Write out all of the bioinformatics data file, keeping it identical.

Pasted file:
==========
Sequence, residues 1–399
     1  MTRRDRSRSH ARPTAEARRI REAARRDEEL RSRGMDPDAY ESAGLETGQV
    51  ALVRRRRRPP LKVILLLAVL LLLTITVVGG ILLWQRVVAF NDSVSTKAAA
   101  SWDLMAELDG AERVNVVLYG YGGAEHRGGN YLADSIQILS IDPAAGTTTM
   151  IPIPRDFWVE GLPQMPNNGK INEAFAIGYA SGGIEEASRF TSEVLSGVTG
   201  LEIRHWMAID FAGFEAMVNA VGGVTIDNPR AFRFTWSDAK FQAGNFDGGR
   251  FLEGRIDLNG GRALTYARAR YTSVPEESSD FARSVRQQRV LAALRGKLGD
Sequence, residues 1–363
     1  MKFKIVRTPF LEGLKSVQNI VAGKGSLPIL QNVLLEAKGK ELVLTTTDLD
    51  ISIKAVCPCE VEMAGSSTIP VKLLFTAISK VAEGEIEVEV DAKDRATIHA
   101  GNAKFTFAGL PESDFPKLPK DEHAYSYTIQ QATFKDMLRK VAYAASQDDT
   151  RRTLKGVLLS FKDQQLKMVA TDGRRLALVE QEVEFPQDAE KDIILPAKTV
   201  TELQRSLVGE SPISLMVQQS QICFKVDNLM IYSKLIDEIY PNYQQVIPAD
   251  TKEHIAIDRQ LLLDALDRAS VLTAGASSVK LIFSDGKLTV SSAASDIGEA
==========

Sequence, residues 1–399
     1  MTRRDRSRSH ARPTAEARRI REAARRDEEL RSRGMDPDAY ESAGLETGQV
    51  ALVRRRRRPP LKVILLLAVL LLLTITVVGG ILLWQRVVAF NDSVSTKAAA
   101  SWDLMAELDG AERVNVVLYG YGGAEHRGGN YLADSIQILS IDPAAGTTTM
   151  IPIPRDFWVE GLPQMPNNGK INEAFAIGYA SGGIEEASRF TSEVLSGVTG
   201  LEIRHWMAID FAGFEAMVNA VGGVTIDNPR AFRFTWSDAK FQAGNFDGGR
   251  FLEGRIDLNG GRALTYARAR YTSVPEESSD FARSVRQQRV LAALRGKLGD
Sequence, residues 1–363
     1  MKFKIVRTPF LEGLKSVQNI VAGKGSLPIL QNVLLEAKGK ELVLTTTDLD
    51  ISIKAVCPCE VEMAGSSTIP VKLLFTAISK VAEGEIEVEV DAKDRATIHA
   101  GNAKFTFAGL PESDFPKLPK DEHAYSYTIQ QATFKDMLRK VAYAASQDDT
   151  RRTLKGVLLS FKDQQLKMVA TDGRRLALVE QEVEFPQDAE KDIILPAKTV
   201  TELQRSLVGE SPISLMVQQS QICFKVDNLM IYSKLIDEIY PNYQQVIPAD
   251  TKEHIAIDRQ LLLDALDRAS VLTAGASSVK LIFSDGKLTV SSAASDIGEA